BACOLOD CITY — Agrarian Reform Secretary Nasser Pangandaman and eight others are facing contempt charges before the Supreme Court in relation to the installation of Task Force Mapalad (TFM) beneficiaries at a sugar farm in Negros Occidental.
The Supreme Court ordered Pangandaman and others to explain why they should not be cited in contempt of court for installing TFM beneficiaries in Hacienda Velez Malaga in La Castellana, Negros Occidental despite a pending case.
Mario Diaz, lawyer of landowner Roberto Cuenca, said he received on Friday a copy of the Supreme Court en banc resolution dated June 5.
The Supreme Court issued the order to Pangandaman and to Department of Agrarian Reform Undersecretary Narciso Nieto, Undersecretary Jeffrey Galan, regional director Alexis Arsenal, and provincial agrarian reform officer Stephen Leonidas.
Also told by the court to explain why they should not be cited in contempt are Philippine National Police regional director Superintendent Reynaldo Rafal, 11th Infantry Battalion commander Colonel Jess Manangquil, 6th Regional Mobile Group commander Senior Superintendent Pedro Merced, and La Castellana police chief Senior Inspector Regidor Alvarado.
Diaz said Cuenca’s camp urged the DAR to wait for the resolution of a pending case involving Hacienda Velez Malaga but their appeal to hold off the installation of TFM beneficiaries fell on deaf ears.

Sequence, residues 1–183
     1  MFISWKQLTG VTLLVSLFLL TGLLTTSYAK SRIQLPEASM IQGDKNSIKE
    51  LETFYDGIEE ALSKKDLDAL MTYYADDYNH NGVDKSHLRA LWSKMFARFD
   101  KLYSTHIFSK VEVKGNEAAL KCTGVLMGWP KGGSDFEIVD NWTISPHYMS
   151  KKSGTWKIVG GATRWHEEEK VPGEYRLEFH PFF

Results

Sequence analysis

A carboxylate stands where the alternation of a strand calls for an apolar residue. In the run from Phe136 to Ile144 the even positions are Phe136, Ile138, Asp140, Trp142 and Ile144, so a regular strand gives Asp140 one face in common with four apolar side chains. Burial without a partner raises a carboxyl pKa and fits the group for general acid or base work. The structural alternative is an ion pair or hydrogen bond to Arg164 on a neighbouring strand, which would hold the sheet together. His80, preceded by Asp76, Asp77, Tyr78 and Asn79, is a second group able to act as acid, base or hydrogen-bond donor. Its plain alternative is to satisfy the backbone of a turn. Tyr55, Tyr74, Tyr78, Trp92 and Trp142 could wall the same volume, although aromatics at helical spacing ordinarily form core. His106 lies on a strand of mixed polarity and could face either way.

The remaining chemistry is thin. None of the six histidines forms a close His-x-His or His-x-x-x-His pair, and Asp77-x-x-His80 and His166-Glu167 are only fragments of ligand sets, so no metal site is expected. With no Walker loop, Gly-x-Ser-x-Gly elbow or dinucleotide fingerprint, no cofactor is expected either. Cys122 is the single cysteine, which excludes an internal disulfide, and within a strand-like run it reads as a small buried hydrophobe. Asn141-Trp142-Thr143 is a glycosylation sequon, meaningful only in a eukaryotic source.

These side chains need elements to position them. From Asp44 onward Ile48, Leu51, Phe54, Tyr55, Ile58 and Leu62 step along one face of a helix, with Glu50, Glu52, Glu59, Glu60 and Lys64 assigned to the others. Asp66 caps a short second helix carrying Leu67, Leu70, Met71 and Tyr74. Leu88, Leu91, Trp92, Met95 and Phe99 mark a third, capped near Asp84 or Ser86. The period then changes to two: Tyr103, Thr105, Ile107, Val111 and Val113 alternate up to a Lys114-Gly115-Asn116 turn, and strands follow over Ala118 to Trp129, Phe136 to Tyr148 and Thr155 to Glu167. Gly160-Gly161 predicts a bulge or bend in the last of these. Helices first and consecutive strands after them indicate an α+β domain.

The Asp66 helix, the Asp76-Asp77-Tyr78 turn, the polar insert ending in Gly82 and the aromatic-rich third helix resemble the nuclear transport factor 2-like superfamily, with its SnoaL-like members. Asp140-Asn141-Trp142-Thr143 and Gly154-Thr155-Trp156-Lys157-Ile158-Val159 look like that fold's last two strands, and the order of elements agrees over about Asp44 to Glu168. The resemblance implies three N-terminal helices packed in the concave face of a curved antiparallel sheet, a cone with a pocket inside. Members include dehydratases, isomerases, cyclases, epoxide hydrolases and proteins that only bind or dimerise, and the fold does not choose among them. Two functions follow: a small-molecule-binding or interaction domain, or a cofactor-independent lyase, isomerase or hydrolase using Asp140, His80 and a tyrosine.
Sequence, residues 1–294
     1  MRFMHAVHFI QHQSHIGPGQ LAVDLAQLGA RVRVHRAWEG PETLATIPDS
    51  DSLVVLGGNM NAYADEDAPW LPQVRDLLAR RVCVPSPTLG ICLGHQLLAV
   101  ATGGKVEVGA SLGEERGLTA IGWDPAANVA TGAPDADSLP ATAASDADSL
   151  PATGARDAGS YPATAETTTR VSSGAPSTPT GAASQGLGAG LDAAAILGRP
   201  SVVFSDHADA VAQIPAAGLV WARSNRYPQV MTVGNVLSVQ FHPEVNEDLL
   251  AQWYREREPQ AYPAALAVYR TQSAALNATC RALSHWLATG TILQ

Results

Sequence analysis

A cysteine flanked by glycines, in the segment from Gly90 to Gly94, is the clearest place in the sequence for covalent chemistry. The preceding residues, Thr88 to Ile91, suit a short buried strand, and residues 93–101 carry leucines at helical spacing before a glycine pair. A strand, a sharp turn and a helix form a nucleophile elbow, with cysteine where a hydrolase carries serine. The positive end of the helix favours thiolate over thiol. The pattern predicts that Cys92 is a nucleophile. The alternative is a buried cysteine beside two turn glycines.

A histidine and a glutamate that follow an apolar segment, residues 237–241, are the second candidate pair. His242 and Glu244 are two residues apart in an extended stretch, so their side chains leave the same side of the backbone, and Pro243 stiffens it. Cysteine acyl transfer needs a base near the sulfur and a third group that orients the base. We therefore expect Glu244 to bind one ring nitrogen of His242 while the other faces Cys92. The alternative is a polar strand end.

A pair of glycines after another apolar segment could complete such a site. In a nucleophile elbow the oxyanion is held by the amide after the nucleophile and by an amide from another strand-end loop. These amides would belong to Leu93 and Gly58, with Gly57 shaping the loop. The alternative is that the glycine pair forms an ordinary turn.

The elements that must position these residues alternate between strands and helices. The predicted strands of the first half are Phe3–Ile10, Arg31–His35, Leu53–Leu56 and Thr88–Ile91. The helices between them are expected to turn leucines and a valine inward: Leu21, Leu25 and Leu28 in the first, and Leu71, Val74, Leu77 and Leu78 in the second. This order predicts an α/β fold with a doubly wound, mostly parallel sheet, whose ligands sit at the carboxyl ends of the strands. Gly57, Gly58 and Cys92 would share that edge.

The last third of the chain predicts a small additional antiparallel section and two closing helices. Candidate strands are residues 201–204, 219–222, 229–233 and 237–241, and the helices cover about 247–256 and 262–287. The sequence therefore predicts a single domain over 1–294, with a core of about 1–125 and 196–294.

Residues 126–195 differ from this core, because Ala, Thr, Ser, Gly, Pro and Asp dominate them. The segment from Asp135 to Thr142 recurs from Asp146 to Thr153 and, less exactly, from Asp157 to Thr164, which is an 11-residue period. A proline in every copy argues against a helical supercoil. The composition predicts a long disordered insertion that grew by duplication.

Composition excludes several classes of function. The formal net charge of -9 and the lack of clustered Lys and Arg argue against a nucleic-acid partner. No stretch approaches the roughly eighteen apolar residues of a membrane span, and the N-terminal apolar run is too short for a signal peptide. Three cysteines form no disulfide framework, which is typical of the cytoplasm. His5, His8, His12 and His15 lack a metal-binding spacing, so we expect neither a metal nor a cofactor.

The Supreme Court, taking cognizance of their motion for contempt, affirmed Cuenca’s position for DAR to wait for the court’s final decision before taking any action in Hacienda Velez Malaga, Diaz added.
However, Pangandaman said on Wednesday that DAR is not a party to the case pending before the Supreme Court as it was the TFM that went to the high tribunal to question the Court of Appeals ruling on Velez Malaga.
But Diaz said that while TFM intervened in the case and filed a petition for certiorari before the Supreme Court, DAR remained the main party in the case.
Cuenca filed a complaint before the La Carlota Regional Trial Court against DAR after it cancelled Cuenca’s title of ownership and issued a certificate of land ownership award (CLOA) in the names of the TFM members, Diaz said.
In his complaint filed against DAR, Cuenca sought to annul the land reform coverage of Hacienda Velez Malaga on the ground that it was beyond the four-year-period prescribed by the Comprehensive Agrarian Reform Law, Diaz said.
The La Carlota court cancelled the CLOA issued for Velez- Malaga in 2002 because it violated the writ of preliminary injunction issued earlier by the RTC, he added.
DAR questioned the order before the Court of Appeals but the appellate court sustained the RTC decision, Diaz said.
“In effect, the writ of preliminary injunction on DAR’s action in Velez Malaga still exists,” he said.
Pangandaman, however, said there were no grounds to charge them in contempt of the Supreme Court when they installed the beneficiaries.
He said the Supreme Court previously ruled that the courts have no jurisdiction over agrarian reform cases. Hence, he said, the cancellation of the CLOA for Velez Malaga was not valid.